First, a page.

The MB has clarified it won’t stake the presidency, but it might well contest the parliamentary elections and the outcome could determine what course they take. “We are at a very happy but also very critical moment in our history,” Erian said, almost as if to sound a warning, “We must remind ourselves this is just the beginning, not the end.”
The portents of an imminent downfall had begun to become clear since early in the day. Cairo was a cascade of protesters. People began streaming out of neighbourhoods across the capital mid-morning to join what became a deluge pounding the foundations of a tottering regime.
The response to the Friday protest call unlocked a final run on Mubarak. Tahrir spilled over, rainbow emotions sweeping across the gathering — anger, anxiety, wrath and, above all, expectation that the remorseless pressure they had mounted over the past 18 days would finally unhinge a dictatorship whose hatred-quotient has soared over past days.
And as organisers had indicated, preparations for laying siege to Mubarak’s heavily guarded Heliopolis Palace in north Cairo, and the headquarters of state television close to the heart of the uprising in the downtown.
Despite a formidable military buildup around Heliopolis — dozens of tanks and armoured carriers in addition to armed troopers on the ground — crowds swept down, unafraid, from Tahrir shouting “Go Mubarak, Go!” As Thursday, little boys made the best of the stalled traffic and massed protesters, selling Egyptian flags, souvenirs of a revolution that was beginning to defy Mubarak more than Mubarak was able to defy it.
Through the last fortnight, Mubarak tried to buy time and sentiment, handing out sops that were never ever enough for the revolution’s appetite. Every step he took to assuage the street was seen as a step in retreat. He first announced he wouldn’t stand for re-election, disbanded his hated cabinet, got a new Prime Minister and, for the first time in 30 years, appointed a Vice-President in spymaster Omar Suleiman.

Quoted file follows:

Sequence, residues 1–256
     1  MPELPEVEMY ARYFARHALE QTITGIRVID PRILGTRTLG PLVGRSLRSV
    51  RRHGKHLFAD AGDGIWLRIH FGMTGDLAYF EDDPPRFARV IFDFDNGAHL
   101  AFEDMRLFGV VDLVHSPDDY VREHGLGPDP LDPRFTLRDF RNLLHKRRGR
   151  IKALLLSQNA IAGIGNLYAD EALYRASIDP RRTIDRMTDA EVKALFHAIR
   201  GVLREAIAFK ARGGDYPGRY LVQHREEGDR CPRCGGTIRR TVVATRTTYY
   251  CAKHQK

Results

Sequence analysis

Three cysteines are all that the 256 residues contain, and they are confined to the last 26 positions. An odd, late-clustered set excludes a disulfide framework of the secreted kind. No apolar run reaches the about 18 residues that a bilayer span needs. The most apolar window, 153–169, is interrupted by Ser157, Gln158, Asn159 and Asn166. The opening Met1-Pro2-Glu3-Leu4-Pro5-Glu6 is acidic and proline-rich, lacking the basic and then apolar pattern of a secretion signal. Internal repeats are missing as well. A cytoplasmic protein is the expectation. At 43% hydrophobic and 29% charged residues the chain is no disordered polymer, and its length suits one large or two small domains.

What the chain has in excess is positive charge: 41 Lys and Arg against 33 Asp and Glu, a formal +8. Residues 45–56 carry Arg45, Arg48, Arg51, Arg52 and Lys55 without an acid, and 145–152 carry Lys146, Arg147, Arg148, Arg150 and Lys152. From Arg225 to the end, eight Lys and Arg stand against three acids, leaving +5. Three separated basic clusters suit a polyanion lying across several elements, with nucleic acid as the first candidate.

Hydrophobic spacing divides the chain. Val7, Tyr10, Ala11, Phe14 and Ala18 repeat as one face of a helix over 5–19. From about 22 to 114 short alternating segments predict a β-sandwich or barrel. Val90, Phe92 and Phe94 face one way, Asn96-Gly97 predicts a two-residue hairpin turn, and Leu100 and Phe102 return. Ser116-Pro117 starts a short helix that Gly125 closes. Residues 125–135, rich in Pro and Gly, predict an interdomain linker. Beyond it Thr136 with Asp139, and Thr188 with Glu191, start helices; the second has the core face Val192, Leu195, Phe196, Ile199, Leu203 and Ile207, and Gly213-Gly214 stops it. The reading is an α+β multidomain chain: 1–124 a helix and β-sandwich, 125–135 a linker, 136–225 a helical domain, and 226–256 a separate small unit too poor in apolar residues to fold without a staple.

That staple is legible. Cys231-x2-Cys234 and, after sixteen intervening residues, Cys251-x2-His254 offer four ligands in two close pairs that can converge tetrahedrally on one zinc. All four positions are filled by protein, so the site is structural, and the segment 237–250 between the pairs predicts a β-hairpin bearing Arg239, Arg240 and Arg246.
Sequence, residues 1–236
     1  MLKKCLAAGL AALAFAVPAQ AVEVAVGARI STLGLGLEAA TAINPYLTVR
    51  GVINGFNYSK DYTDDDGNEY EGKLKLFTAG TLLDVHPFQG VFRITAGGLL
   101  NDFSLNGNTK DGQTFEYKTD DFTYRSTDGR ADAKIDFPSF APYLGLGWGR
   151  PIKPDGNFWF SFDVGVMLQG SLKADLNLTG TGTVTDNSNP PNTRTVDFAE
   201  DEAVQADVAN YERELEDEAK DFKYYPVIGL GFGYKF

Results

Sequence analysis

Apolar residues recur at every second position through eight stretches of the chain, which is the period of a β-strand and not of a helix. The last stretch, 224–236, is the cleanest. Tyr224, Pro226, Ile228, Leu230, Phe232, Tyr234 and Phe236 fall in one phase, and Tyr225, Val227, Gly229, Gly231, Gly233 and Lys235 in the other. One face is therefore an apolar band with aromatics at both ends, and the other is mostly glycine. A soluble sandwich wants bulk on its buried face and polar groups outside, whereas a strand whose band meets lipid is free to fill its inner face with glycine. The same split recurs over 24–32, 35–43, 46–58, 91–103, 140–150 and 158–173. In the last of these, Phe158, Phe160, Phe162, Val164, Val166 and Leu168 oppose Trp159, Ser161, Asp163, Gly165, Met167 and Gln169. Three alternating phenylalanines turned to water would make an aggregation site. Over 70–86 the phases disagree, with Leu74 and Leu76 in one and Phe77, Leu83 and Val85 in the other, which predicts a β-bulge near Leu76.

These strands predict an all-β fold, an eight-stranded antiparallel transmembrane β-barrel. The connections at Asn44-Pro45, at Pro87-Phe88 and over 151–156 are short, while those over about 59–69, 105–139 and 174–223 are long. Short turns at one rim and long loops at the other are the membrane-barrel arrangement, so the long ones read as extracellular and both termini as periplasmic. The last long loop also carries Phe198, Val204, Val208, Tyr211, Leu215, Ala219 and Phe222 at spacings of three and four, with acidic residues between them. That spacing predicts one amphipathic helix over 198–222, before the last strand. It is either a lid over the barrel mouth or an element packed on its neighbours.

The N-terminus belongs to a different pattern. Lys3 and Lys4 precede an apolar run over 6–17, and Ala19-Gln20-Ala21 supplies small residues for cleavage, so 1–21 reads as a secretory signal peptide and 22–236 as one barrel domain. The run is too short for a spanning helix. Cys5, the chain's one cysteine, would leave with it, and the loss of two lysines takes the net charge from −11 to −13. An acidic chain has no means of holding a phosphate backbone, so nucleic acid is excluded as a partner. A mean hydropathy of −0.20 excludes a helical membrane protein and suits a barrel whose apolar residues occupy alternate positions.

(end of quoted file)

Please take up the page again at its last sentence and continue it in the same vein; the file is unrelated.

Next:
Then, he packed off son Gamal and the entire secretariat of the NDP, and appointed the more acceptable Hasham Badrawi as party boss.
As the protests pressed on and acquired a shriller tone, he announced a slew of promises including constitutional reform and amnesty to political prisoners; he also dismissed unsavoury colleagues and got prosecution initiated.
His last stand was handing over most of his powers to Omar Suleiman, and assuming a more nominal role. But Suleiman’s credibility had tobogganed, he was seen no more than a willing Mubarak puppet. The trick tripped on events running ahead of themselves. The anger generated by last night’s ill-advised call to people to “go home and resume normal life” spilled over; it was clear by this morning Mubarak’s time was ticking over.
In a coordinated move with Tahrir demonstrations, agitationists laid rings around the Presidential Palace in the Mediterranean port city of Alexandria. Egyptian sailors secured it with cables but stood in unstated compact with the crowds pressing in, even supplying them food and water. News of similar outbreaks came from newer Egyptian datelines — Mansoura, Al Arish, Quseir, Baris, Ras Ghareib, the standard of revolt unfurled in town after town, police stations and government installations under encirclement or outright assault.
In Cairo itself, another section of protesters broke away from Tahrir to surround the headquarters of state television and demanded that it shut operations because it had acted as a “willing tool of the anti-people regime”.
The revolt was in quantum augmentation since Thursday, after showing signs of flagging. It was the sudden release of Google executive Wael Ghonim, whose Facebook page spurred the January 25 protests, that catalysed energies yet again at the turn of the week. Tuesday saw massive protests and the revolution never looked back.
It swirled wider across Egypt. More sections joined in, emboldened and propelled by the resilient Tahrir Square watch. Symptoms of a meltdown erupted at the top of the establishment itself. Following the resignation of newly appointed culture minister Gaber Afsour owing to peer criticism, Hasham Badrawi, appointed NDP general secretary in last’s week’s party shake-up, quit both his post and the party. “It is time for a new politics,” he proclaimed, and within less than half an hour, his prophecy had been inaugurated to riotous reception on Egypt’s streets.